No other phrase is truer that this ancient proverb in Latin, which is suitable to describe the huge amount of written records preserved in the Archivio di Stato of Venice. Although Venice is beautiful and her politic and artistic history is visible and touchable stone-by-stone wandering in her hundreds of white bridges, the Archivio di Stato is the place in which the ‘real’ history of the city is preserved.
After a fire that destroyed the most ancient documentation in 976, caused by an uprising of the population against Doge Pietro Candiano IV, the Republic of Venice decided to dedicate even more attention to the preservation of its documented history.
The Archive is located in buildings adjacent to the monumental Basilica of S. Maria Gloriosa dei Frari, the Franciscans’ motherhouse in Venice (the one with Titian’s Assumption!). Today, hundreds of thousands of records are preserved behind the medieval walls and are accessible to all people interested in their study. As a historian studying Venice and its families, I have taken to visiting the Archive during my free time in Venice and a visible contrast with the external city is the first thing that I noticed.
The chaotic coming and going characteristic of the lagoon’s small streets do not affect the archive, which appears as a part of a different dimension far away from the fervent city centre. Surrounded by the most glorious expression of Venetian gothic architecture, the reading room is a quiet place where to study and contemplate Venetian history.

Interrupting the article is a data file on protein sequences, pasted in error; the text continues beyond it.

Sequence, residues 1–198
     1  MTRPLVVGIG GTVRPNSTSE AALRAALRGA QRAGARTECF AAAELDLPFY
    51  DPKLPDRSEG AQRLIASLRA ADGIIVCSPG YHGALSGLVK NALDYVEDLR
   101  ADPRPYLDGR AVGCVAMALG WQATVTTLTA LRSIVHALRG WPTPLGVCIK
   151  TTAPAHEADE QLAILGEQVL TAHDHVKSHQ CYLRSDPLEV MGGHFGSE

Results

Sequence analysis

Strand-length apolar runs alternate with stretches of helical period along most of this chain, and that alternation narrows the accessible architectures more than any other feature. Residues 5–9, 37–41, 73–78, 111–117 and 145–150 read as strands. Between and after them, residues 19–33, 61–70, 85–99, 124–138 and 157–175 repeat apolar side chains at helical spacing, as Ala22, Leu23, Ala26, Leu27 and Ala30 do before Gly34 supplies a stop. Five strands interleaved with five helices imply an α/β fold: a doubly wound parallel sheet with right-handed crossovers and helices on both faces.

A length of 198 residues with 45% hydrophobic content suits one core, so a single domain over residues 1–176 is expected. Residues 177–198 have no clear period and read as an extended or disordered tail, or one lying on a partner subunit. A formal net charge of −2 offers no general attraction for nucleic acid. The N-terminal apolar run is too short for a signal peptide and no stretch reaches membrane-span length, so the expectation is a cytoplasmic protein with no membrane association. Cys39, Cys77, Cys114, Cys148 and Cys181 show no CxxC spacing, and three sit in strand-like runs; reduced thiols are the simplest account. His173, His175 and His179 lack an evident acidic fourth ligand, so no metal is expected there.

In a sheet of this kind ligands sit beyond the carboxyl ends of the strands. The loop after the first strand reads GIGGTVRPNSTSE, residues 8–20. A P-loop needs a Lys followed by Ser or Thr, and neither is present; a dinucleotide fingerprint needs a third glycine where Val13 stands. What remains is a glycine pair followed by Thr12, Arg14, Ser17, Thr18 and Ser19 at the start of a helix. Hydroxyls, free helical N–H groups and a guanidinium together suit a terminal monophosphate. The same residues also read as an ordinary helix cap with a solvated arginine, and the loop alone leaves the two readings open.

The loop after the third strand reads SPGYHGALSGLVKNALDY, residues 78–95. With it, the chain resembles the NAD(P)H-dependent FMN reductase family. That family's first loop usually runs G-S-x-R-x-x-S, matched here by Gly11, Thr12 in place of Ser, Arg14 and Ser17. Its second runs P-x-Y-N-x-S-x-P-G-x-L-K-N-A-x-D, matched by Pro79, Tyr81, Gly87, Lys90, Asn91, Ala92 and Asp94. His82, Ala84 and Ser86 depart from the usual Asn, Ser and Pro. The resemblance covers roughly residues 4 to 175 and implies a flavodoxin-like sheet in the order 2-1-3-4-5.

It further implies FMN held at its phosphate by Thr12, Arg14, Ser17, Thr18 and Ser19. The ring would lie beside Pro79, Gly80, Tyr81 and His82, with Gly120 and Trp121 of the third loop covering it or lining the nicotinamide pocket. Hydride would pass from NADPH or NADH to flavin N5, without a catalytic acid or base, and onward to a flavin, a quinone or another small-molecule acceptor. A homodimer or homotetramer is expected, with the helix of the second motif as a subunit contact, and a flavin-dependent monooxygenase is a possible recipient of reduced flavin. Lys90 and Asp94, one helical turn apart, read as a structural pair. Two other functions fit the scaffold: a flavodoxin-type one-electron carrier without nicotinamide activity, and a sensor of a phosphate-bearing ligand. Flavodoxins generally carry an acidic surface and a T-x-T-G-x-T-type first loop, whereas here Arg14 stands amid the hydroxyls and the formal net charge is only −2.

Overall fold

However, despite the Archive being accessible (and free) for all different kinds ofthe public, the majority of visitors to the Archivio continue to be researchers and local people. Tourists seem to ignore its existence, or maybe are unaware of it, or simply are not interested in a direct contact with historical records. Often, I wonder what, this great amount of people who visit the lagoon every day,actually ‘know’ about the city and its history. The reply might probably be that tourists (not all, but the great part) limit their knowledge at their first impression: crowded streets, expensive restaurants, byzantine architecture and singing gondoliers. It seems that for many current visitors the most important thing is to obtain a good selfie in Piazza S. Marco, rather than know in which way the horses behind their shoulders arrived above the portal of the Church.
I think that the real history of places is almost always undervalued and covered by a thick layer of ignorance and souvenirs in fake Murano glass that attract people more than any document which revolutionised the aspect and the story of this ancient Maritime Republic. Anyway…let them wander with a selfie-stick, staring into space.As regards myself, I feel that I am one of the luckiest. I prefer to know that instead of the military base F. Cornoldi in Riva degli Schiavoni near Palazzo Molin dalle Torri there once stood an exact copy of the Jerusalem Sepulchre – instead of having a bag full of masks.
Laura di Stefano